Choosing Your Maternity Care Provider
In our role as birth doulas, we attend births with couples in Vancouver, BC who have chosen one of three options for their care provider. This is either:
1) a GP (specializing in maternity care),
2) an obstetrician, or
3) a midwife
There are numerous family doctors who specialize in maternity care and attend births. They have general medicine training with additional schooling for maternity care. They provide prenatal care during pregnancy and follow up postpartum care in their office. They work with low risk, healthy pregnant women. Some practices may have one or two doctors working as a team. Others are large group practices and there is no guarantee that couples will have the doctor they’ve seen during the pregnancy be in attendance at the birth. They will be attended to by the doctor who is on-call that day.
This is also true of obstetricians. Obstetrical training focuses on pregnancy and birth complications. They provide surgical care during pregnancy and childbirth (perform Caesareans). They can care for normal healthy pregnant women, but fundamentally they are specialists for high risk pregnancies, or when medical procedures are needed during labour and birth. There are always obstetricians on-call in hospitals, should their support be needed. If their obstetrical expertise is required, OBs work alongside the primary care provider during the course of a labour. They provide consultation to help determine how to proceed. If a woman’s primary care provider is an OB, a pediatrician is in attendance at the birth to check over the baby, as OBs do not provide care for newborns.
Midwives are experts in normal physiologic birth. They train for four years within the School of Medicine to learn how to care for low risk, healthy pregnant women. As a primary care provider they care for the pregnant woman prenatally, during the labour and birth, and provide follow-up care for a full 6 weeks postpartum for both mother and newborn. This includes home visits in the initial week after birth. Midwives are also skilled in breastfeeding support and provide infant care education. They may practice solo, or work in teams. Their clients get to know each midwife in the team. Prenatal appointments are usually 45 min or longer to ensure comprehensive care, compared to 15 minutes with doctors. They come to the home to assess labour progress and provide continuous support during active labour until the birth. They complete the newborn care exam and other basic tests. At the heart of midwifery care is the idea that birth is a normal, healthy part of a woman's life. While they will call on medical technology when it is clearly needed, midwives discourage the routine use of ultrasound, fetal monitoring, induced labour, episiotomies and Caesarean section. Midwifery care, due to being non-interventionist, results in cost-effective care, significantly lower rates of Cesarean sections and lower rates in premature and low birth weight births. Midwives identify and refer women who need the specialist care of an obstetrician. In some circumstances they provide collaborative care, working with an obstetrician, if one is required. With midwives, the place of birth can be either hospital or home. Midwives are the only care providers who are trained to attend birth at home. Peer reviewed research conducted in BC shows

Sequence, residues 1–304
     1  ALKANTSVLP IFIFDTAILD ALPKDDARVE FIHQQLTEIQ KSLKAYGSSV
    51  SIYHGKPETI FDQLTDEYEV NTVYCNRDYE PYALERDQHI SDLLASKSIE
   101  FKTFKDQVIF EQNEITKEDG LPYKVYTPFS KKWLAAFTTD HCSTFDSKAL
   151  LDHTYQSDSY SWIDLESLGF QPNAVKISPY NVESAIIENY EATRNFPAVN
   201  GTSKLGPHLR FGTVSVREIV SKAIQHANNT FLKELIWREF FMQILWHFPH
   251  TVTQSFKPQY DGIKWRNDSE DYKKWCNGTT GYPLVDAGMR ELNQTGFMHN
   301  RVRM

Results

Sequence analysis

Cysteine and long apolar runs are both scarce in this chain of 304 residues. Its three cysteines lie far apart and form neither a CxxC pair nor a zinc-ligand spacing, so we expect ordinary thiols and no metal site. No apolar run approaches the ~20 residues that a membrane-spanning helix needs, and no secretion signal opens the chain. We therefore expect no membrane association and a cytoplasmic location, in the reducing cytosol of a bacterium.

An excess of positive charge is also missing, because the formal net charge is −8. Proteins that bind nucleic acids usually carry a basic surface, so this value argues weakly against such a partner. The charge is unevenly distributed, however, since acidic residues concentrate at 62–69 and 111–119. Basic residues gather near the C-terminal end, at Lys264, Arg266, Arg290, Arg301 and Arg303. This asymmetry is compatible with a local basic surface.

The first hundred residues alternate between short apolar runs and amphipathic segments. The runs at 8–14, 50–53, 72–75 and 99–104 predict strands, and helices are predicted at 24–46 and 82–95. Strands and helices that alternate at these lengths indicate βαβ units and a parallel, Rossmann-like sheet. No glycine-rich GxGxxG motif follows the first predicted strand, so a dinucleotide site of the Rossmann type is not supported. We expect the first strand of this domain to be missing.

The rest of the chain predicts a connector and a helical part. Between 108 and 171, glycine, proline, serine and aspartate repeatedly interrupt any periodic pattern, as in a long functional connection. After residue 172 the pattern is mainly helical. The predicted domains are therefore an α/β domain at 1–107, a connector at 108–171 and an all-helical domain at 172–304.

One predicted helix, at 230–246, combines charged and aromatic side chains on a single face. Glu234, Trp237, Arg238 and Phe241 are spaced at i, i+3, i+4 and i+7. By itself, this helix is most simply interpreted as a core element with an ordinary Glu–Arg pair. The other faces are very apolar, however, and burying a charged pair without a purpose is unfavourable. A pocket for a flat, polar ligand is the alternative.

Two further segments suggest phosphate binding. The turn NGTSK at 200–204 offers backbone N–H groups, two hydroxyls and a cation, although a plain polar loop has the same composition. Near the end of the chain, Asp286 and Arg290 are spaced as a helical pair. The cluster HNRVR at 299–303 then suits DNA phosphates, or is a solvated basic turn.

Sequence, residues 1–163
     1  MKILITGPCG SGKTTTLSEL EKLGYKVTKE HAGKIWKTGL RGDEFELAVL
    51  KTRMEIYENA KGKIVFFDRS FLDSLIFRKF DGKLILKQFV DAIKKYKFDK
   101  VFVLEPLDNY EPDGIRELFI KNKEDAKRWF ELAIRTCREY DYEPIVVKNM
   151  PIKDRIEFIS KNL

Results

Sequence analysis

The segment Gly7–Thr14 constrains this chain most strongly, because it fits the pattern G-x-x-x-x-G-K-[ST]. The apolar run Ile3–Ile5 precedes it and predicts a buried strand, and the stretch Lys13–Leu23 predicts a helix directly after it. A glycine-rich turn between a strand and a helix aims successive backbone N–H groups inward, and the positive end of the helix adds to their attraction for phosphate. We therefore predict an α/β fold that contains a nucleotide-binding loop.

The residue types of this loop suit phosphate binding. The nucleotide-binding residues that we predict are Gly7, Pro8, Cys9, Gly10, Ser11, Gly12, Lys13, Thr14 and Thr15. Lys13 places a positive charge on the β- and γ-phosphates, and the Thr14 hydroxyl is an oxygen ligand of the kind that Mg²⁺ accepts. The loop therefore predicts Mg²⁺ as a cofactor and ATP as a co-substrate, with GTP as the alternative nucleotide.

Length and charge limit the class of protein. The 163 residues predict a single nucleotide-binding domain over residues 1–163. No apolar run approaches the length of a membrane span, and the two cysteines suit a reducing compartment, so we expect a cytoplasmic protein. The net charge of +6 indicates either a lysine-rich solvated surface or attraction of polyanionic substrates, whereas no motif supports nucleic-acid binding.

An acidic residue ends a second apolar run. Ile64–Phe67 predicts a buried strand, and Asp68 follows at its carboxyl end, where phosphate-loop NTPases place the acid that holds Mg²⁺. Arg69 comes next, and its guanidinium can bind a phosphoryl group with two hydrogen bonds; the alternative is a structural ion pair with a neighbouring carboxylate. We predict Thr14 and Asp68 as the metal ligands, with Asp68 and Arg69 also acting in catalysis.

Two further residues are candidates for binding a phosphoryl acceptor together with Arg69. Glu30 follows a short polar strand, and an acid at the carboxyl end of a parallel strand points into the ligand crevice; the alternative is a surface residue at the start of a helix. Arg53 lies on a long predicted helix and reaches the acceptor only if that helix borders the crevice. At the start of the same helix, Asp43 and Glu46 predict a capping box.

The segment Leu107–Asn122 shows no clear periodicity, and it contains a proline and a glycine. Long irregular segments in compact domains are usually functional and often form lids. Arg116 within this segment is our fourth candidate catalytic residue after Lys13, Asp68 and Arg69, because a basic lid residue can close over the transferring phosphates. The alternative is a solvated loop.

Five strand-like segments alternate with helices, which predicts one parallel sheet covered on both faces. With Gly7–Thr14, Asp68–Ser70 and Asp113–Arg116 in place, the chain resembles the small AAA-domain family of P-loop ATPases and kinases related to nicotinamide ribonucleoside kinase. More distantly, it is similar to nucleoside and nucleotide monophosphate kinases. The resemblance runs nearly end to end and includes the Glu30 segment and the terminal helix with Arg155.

'that planned home birth attended by a registered midwife was associated with very low and comparable rates of perinatal death and reduced rates of obstetric interventions and adverse maternal outcomes compared with planned hospital birth attended by a midwife or physician.'
It’s interesting to note that midwives are the primary care providers for healthy pregnant women in most countries around the world, with the exception of North America. Here we allow low risk healthy pregnant women to be cared for by specialists; Ie. Obstetricians, who are experts in abnormalities and problems. That creates problems in its own way. As research shows, midwifery care results in lowered rates of intervention and surgical births. The type of care provider needs to fit the level of care required for the individual. It’s about appropriate care.
One of the most important decisions couples make is who they choose as their care provider. Research has shown this to be the largest influence when it comes to birth outcomes. We suggest interviewing care providers to see who fits best for the care couples want to receive. Research options and gather information. Ask questions. Choose wisely.
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